Impact of Time of Hospital Presentation in Acute HF
What is the relationship between time of hospital presentation, clinical profile, inpatient management, and outcomes among patients admitted for acute heart failure (AHF)?
The study investigators conducted a post hoc analysis of the ASCEND-HF (Acute Study of Clinical Effectiveness of Nesiritide in Decompensated Heart Failure) trial that enrolled 7,141 patients hospitalized for AHF. They defined patients based on when they presented to the hospital; regular hours were defined as 9 AM to 5 PM, Monday through Friday, and off hours were defined as 5 PM to 9 AM, Monday through Friday and weekends. Clinical characteristics and outcomes were compared by time of presentation. Logistic regression models were used to assess the association among time of presentation and 30-day mortality and re-hospitalization, 30-day mortality, and 30-day re-hospitalization. Cox regression models were used to assess the association between time of presentation and 180-day mortality. Unadjusted analyses for 30-day and 180-day outcomes controlled for geographic region.
Overall, 46% of the patients (n = 3,298) presented during off hours. Off-hour patients were more likely to have orthopnea (80% vs. 74%, respectively) and rales (56% vs. 49%, respectively) than regular-hour patients. Off-hour patients were more likely to receive intravenous (IV) nitroglycerin (18% vs. 11%, respectively) and IV loop diuretics (92% vs. 86%, respectively) as initial therapy and reported greater relief from dyspnea at 24 hours (odds ratio [OR], 1.14; 95% confidence interval [CI], 1.04-1.24; p = 0.01) than regular-hour patients. Patients in the off-hour group had significantly shorter hospitalizations (mean: 7.18 days vs. 8.04 days, respectively) than those admitted during regular hours, even after adjustment for covariates (OR, 0.93; 95% CI, 0.89-0.95). A two-way interaction analysis demonstrated that the association between time of presentation and length of hospitalization was not modified by geographic region (p = 0.60 after adjustment). After adjustment, off-hour presentation was associated with significantly lower 30-day mortality (OR, 0.74; 95% CI, 0.57-0.96; p = 0.03) and 180-day mortality (hazard ratio [HR], 0.82; 95% CI, 0.72-0.94; p = 0.01), but similar 30-day rehospitalization rates (p = 0.40).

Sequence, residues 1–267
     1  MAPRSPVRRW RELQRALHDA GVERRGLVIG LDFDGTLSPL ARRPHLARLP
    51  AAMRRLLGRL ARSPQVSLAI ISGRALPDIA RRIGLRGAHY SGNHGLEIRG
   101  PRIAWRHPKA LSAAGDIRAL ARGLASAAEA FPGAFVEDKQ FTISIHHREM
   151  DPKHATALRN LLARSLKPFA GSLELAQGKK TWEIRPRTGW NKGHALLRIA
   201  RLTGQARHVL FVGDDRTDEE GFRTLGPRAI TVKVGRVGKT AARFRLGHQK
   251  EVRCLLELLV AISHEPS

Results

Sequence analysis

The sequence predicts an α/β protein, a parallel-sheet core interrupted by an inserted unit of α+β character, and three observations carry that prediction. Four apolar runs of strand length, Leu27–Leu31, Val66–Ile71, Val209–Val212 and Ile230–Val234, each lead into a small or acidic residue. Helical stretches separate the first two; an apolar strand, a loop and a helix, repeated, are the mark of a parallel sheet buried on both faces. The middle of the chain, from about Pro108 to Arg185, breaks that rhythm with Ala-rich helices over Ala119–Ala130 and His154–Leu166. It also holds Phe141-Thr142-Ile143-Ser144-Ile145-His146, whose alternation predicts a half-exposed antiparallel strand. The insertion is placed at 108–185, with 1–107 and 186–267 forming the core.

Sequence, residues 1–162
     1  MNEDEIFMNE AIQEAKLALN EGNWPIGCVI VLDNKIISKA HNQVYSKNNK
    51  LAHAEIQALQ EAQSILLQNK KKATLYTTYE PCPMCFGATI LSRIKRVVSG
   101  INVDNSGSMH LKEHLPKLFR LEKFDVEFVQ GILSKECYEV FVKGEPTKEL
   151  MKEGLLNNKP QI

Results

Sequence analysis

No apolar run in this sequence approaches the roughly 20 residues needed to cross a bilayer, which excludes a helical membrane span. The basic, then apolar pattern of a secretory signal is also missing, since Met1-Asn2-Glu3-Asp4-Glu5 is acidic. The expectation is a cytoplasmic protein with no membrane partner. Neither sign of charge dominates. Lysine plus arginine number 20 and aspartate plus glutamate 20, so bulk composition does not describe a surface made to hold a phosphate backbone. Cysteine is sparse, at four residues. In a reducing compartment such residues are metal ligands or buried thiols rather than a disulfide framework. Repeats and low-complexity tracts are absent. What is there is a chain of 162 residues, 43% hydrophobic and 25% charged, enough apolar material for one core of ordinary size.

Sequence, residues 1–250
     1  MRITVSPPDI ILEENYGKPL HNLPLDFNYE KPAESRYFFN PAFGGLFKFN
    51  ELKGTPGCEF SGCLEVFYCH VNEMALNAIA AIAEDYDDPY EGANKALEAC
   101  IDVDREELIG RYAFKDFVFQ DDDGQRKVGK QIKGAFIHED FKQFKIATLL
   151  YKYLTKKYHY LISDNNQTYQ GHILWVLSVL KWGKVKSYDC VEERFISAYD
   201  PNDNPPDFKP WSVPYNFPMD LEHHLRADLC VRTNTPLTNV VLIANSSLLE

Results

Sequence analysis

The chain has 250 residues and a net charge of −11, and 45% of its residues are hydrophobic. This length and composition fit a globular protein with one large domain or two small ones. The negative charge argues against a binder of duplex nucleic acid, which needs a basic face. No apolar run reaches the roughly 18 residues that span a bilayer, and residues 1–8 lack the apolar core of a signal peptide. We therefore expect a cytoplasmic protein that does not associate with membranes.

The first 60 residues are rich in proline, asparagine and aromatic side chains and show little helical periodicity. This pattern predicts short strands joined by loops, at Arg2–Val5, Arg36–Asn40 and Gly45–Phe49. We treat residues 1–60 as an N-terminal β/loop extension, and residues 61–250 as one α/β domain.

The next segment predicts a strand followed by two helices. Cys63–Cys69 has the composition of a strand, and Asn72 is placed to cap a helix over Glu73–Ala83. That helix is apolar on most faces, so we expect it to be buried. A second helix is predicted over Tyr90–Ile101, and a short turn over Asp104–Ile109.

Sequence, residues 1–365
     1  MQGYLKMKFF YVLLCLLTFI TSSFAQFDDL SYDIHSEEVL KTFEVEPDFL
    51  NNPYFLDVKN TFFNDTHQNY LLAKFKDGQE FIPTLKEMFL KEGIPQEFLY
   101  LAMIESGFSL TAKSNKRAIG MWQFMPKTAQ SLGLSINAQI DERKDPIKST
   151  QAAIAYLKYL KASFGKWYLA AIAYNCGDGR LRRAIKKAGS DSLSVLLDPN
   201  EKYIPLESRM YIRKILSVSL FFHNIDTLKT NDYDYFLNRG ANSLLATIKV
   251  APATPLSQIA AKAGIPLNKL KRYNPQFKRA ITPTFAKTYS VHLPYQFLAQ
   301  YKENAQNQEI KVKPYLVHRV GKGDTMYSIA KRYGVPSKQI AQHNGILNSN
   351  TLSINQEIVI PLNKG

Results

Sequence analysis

The authors concluded that AHF patients admitted during off hours exhibited a distinct clinical profile, experienced greater relief of shortness of breath, and had lower post-discharge mortality than regular-hour patients.
This is an interesting study because it suggests that the risk profile of patients presenting during off-hours may be different from those presenting at regular hours. As the authors point out, these findings may impact the design of future clinical trials of AHF. On a separate note, the baseline renal function was remarkably ‘preserved’ in this cohort of AHF patients.
Keywords: Dyspnea, Geriatrics, Heart Failure, Hospital Mortality, Inpatients, Natriuretic Peptide, Brain, Nitroglycerin, Patient Discharge, Respiratory Sounds, Treatment Outcome
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